Studies show p.m. is better, but consistency is more important.
The value of a daily, low-dose aspirin regimen for some people has long been established. But, should you take it in the morning or evening?’
A 2008 study by the Mayo Clinic suggested nighttime consumption of low dose aspirin (81 mg or “baby” aspirin) is preferred over taking it in the morning.
According to the U.S. Centers for Disease Control and Prevention taking a daily dose of aspirin can be useful for someone who has had a heart attack, stroke, angina or peripheral vascular disease or may be at risk for same. However, there are some instances where aspirin may not be appropriate as a daily regimen. Only a discussion with your doctor will determine if you should or should not take daily aspirin.
The recommendation of the American Heart Association is that people at high risk of heart attack take a daily low-dose of aspirin (again, only after consulting your doctor or health care provider) and that heart attack survivors regularly take low-dose aspirin.
But, that still leaves the question of what time of the day to take aspirin if you are taking it daily.
Day Time or Nighttime?
The Mayo Clinic study was conducted not to determine the time of day to take aspirin, but had to do with sufferers of sleep apnea that had a heart attack at night. It was only in that specific circumstance that nighttime use of aspirin was suggested in this study.
In another study in 2011, conducted by scientists in Spain, it was reported that a small dose of aspirin taken at night could reduce the risk of heart attack or stroke in people with high blood pressure – more so than if aspirin were taken in the morning. As reported in many media stories, the researchers determined that aspirin lowers blood pressure to normal for up to 24 hours, but the effect only happens when aspirin is taken at night.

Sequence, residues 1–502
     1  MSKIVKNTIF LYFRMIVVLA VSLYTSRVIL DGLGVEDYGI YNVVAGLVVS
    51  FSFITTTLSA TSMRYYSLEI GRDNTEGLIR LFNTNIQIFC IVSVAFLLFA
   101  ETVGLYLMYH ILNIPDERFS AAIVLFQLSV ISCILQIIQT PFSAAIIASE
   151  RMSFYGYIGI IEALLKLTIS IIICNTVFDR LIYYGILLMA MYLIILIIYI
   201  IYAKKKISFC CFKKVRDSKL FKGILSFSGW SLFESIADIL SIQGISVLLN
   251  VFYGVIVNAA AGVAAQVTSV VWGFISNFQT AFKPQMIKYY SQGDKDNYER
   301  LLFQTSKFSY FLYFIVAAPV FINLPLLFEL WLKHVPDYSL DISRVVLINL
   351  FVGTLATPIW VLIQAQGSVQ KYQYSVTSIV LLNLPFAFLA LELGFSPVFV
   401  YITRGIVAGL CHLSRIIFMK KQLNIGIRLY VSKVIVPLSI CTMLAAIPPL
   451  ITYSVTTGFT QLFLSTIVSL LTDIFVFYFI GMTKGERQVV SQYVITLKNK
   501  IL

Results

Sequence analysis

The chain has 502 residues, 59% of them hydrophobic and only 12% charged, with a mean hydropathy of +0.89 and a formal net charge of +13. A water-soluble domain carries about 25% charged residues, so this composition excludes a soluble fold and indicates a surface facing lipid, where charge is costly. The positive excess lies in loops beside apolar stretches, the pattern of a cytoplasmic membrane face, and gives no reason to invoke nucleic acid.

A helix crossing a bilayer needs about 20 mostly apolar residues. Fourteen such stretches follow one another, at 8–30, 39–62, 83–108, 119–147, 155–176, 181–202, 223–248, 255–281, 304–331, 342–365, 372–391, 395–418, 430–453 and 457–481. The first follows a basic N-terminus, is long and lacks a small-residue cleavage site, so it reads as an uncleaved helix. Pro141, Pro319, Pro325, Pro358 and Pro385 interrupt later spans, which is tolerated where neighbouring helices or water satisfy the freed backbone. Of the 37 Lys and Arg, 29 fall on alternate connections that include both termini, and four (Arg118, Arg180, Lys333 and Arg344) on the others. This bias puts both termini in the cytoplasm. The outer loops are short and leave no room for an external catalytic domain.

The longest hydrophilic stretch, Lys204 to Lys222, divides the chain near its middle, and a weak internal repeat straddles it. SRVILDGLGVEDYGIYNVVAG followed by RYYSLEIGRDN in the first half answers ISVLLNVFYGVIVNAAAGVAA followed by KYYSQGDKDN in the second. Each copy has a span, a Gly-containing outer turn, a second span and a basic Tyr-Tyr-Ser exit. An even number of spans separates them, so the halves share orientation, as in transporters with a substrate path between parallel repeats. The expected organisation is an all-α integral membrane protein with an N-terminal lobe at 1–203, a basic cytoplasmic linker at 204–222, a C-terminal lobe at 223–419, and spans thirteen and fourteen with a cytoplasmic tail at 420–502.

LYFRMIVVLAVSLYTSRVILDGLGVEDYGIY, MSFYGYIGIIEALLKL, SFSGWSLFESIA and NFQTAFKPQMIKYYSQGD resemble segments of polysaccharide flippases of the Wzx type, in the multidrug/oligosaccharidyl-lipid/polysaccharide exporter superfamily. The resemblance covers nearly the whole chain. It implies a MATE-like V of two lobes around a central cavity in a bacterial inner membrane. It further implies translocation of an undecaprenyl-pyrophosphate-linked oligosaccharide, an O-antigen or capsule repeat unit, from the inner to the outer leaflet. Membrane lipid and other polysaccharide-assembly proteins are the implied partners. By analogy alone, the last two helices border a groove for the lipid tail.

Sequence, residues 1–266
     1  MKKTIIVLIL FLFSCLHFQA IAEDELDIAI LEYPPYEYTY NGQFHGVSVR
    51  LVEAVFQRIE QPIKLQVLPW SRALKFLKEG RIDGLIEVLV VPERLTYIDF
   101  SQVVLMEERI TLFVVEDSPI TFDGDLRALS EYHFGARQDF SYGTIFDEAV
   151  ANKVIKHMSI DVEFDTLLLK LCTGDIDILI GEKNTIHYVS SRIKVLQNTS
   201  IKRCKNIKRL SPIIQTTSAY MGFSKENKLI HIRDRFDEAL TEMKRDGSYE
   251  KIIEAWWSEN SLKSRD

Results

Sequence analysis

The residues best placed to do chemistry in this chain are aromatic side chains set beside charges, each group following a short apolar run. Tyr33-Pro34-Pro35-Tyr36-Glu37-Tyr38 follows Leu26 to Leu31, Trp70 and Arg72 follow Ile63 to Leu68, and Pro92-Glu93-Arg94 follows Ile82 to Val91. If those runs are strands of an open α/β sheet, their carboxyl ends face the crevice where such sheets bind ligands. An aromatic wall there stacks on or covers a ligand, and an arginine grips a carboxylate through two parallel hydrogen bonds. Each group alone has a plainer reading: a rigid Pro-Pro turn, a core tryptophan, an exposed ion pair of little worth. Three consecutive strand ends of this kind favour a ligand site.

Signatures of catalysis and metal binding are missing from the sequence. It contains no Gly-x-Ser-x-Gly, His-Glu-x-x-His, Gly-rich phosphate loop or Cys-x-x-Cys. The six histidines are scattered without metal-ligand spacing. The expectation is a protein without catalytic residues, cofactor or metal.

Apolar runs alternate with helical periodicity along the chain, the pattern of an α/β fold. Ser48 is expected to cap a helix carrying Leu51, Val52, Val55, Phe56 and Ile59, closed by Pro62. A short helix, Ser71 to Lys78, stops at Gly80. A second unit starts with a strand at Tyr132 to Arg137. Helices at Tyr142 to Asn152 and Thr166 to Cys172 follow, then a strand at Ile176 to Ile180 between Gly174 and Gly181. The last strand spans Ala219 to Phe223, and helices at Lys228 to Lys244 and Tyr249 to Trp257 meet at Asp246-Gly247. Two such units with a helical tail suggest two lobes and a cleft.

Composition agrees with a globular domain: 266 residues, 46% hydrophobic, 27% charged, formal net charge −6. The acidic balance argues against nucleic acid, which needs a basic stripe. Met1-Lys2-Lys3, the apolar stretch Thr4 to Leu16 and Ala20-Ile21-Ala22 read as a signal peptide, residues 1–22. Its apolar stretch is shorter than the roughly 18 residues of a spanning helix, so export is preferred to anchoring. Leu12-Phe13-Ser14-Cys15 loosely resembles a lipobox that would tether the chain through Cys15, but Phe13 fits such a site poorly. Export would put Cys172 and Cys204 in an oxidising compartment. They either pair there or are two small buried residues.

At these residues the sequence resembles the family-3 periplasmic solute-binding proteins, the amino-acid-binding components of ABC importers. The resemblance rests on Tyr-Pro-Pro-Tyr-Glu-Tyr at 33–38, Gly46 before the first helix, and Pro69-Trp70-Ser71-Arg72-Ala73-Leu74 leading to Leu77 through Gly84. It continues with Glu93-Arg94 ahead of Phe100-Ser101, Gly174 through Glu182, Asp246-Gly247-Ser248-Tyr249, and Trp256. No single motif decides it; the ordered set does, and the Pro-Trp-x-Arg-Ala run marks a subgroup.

However, on closer inspection of the study itself, the research indicated it was hypertension medication – not necessarily only aspirin – that had the nighttime effect. The researchers had tested more than 660 patients and had some of them take their medication at bedtime and others in the morning. Following up with the patients after more than five years, the researchers found that the patients who took their medicine at night had an adjusted risk for cardiovascular events that was approximately one-third that of patients who took all medications in the morning. Therefore, the researchers concluded that for patients with hypertension taking their medicine at night was better. But, even the researchers acknowledge they could not determine why aspirin or other medications might work better at night (although they surmise it may have something to do with the slower production of hormones or other body substances). And, they admit, timing the best moment to give a drug is an emerging science at this point.